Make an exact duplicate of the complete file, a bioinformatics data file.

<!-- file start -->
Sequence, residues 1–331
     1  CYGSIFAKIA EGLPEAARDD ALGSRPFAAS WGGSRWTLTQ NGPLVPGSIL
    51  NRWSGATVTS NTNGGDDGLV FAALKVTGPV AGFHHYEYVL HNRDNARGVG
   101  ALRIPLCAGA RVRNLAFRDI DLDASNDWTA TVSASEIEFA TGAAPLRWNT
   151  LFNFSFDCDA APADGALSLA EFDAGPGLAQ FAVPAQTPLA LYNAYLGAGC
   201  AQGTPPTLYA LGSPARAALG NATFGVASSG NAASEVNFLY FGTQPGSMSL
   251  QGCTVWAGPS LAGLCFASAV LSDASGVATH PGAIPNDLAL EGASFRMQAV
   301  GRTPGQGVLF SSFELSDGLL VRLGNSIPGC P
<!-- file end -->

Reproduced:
Sequence, residues 1–331
     1  CYGSIFAKIA EGLPEAARDD ALGSRPFAAS WGGSRWTLTQ NGPLVPGSIL
    51  NRWSGATVTS NTNGGDDGLV FAALKVTGPV AGFHHYEYVL HNRDNARGVG
   101  ALRIPLCAGA RVRNLAFRDI DLDASNDWTA TVSASEIEFA TGAAPLRWNT
   151  LFNFSFDCDA APADGALSLA EFDAGPGLAQ FAVPAQTPLA LYNAYLGAGC
   201  AQGTPPTLYA LGSPARAALG NATFGVASSG NAASEVNFLY FGTQPGSMSL
   251  QGCTVWAGPS LAGLCFASAV LSDASGVATH PGAIPNDLAL EGASFRMQAV
   301  GRTPGQGVLF SSFELSDGLL VRLGNSIPGC P